Hannah. Hannah. Hannah.
I am sick of hearing Hannah.
But I’m also grateful. It’s complicated.
Little Chick has started his new nursery. Having spent the last two months nesting, the timing is perfect for all of us. For 15 hours a week we will be childfree and able to catch up on all the things we have let slide since Little Chick’s arrival. We will even have time to finish a hot drink and have a grown-up conversation. It will be a good transition before the Other Mrs Reed Warbler finishes adoption leave and returns to work.
As for Little Chick, he will have 15 hours of playing with other children, sharing and fighting over toys, books, and the attention of adults other than us. Adults like his key worker – Hannah.
Hannah is lovely. She’s sweet, kind, and Little Chick thinks she’s wonderful. Rationally, I completely understand why he likes her and why every other word uttered is her name. Emotionally, I’m scared.
Some would argue, including Little Chick’s social worker initially, that it is too soon for Little Chick to be going to a new nursery. Others, including us and our social worker, would respond that he is used to nursery, he enjoys attending nursery, and nursery is normal for his – and our – routine going forward. The main arguments against centre on first building attachments at home. Attachment cannot be hurried, but we do seem to be making good progress, so, collectively, we agreed that the timing was right.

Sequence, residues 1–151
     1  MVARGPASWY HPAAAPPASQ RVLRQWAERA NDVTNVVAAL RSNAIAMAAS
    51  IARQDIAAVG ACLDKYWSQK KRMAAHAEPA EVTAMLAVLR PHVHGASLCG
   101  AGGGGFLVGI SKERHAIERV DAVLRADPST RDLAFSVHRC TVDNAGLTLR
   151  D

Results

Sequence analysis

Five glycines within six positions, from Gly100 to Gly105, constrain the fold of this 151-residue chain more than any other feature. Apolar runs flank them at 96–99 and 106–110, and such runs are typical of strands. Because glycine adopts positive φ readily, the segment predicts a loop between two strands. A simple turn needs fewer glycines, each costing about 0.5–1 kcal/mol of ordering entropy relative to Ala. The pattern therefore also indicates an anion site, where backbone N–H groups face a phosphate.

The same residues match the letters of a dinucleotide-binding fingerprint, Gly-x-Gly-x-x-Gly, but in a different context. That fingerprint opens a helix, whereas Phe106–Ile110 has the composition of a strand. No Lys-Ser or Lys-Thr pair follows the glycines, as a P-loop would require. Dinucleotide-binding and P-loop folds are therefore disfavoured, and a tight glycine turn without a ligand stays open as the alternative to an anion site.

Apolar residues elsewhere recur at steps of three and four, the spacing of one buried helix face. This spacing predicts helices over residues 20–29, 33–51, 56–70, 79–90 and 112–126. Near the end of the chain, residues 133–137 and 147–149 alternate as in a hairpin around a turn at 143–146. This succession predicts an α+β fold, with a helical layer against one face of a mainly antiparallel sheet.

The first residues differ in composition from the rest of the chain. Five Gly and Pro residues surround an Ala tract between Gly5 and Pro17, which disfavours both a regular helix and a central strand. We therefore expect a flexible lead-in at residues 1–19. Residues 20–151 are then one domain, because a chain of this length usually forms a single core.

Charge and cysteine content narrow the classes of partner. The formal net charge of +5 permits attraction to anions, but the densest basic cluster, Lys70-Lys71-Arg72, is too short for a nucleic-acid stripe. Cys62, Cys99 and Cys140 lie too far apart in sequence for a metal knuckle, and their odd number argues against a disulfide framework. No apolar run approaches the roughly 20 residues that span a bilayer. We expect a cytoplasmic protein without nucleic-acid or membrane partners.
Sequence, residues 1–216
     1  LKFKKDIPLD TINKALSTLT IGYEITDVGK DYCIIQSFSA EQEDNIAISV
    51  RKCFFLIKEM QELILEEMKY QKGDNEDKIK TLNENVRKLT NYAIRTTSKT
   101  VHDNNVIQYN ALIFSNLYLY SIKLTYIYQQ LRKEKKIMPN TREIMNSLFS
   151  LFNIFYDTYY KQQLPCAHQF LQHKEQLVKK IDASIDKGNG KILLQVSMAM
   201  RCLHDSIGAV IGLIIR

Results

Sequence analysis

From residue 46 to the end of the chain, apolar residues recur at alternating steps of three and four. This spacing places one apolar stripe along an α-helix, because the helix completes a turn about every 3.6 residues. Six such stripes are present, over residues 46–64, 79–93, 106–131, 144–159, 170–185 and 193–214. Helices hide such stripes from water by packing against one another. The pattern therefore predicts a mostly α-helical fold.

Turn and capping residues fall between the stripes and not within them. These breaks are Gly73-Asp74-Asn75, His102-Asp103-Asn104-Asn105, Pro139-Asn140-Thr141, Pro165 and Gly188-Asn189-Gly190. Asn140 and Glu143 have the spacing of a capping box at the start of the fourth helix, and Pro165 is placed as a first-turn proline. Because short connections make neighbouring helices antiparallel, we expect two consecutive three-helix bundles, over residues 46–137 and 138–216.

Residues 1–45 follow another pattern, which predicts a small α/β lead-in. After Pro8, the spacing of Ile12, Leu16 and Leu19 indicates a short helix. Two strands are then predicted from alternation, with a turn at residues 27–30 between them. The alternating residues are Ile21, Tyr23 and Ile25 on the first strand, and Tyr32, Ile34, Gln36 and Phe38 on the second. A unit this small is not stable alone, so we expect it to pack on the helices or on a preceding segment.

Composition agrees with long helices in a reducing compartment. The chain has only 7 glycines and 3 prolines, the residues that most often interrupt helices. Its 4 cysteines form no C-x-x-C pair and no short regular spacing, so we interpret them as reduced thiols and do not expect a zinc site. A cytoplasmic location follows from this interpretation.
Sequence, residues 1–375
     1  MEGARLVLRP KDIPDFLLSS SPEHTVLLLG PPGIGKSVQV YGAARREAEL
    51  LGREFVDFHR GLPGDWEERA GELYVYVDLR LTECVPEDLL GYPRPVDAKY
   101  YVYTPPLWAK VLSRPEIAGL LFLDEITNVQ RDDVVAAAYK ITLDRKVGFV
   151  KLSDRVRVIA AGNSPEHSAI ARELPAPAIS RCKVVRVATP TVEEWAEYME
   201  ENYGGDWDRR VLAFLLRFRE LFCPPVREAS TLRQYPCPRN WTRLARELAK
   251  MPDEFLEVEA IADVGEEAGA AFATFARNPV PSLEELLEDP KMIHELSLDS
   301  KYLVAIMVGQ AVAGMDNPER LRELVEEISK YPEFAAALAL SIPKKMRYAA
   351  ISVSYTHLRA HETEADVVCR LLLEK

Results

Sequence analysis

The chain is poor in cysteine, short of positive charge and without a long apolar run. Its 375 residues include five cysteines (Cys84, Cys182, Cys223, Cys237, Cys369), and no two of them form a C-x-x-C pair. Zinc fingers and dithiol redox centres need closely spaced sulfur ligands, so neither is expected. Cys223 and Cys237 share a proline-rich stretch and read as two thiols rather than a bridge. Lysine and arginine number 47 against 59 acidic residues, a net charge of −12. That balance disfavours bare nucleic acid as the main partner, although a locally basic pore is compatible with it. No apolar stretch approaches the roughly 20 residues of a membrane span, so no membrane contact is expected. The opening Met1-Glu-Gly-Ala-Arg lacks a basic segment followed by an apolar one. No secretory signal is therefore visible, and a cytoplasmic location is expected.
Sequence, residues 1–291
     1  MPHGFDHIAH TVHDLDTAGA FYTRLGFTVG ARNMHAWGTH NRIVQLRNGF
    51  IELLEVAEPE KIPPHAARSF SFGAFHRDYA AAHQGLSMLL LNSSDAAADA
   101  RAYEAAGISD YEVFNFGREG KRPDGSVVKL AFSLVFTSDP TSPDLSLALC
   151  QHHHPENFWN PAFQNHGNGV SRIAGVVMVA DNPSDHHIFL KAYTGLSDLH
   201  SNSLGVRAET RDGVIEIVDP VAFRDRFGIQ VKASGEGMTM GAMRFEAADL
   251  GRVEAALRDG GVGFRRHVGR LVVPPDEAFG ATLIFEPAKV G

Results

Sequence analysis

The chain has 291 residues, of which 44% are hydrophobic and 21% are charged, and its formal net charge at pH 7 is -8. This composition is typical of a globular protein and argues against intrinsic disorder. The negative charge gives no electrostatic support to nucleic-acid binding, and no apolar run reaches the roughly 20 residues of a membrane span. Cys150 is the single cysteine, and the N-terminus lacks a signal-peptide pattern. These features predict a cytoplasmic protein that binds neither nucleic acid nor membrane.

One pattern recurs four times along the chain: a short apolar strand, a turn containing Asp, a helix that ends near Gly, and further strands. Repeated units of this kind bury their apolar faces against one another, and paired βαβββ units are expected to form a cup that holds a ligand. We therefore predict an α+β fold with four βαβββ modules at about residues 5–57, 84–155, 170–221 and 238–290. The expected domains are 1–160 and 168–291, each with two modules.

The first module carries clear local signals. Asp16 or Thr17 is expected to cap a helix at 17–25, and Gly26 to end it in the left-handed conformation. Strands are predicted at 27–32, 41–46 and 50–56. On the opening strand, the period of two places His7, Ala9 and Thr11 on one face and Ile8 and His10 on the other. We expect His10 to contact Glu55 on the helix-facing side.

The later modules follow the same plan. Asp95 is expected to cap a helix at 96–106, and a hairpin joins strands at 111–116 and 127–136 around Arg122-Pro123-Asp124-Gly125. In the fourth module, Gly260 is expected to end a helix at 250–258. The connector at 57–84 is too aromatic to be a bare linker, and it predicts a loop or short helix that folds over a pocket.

And I still stand by that. But every time I hear Hannah I panic. What if we’ve made a mistake? What if it’s too soon and nursery confuses him? What if I’m always second best?
But they are my concerns. About me. I’m doing that annoying thing I do and making it about me. I’m trying to be the star when I’m a supporting actor at best (in truth I’m the non-speaking extra who edges forward hoping to steal the limelight). I need to be better for Little Chick’s sake. I’m also worried that my anxiety will translate as hostility, to both Hannah and Little Chick, causing further, unnecessary problems.
I need to embrace the name. As a child it was a favourite of mine, used as it was as the example of a palindrome (a word, phrase, or sequence that reads the same backwards as forwards). Now I need to favour it as the name of the person who will keep Little Chick safe and happy when I am not there.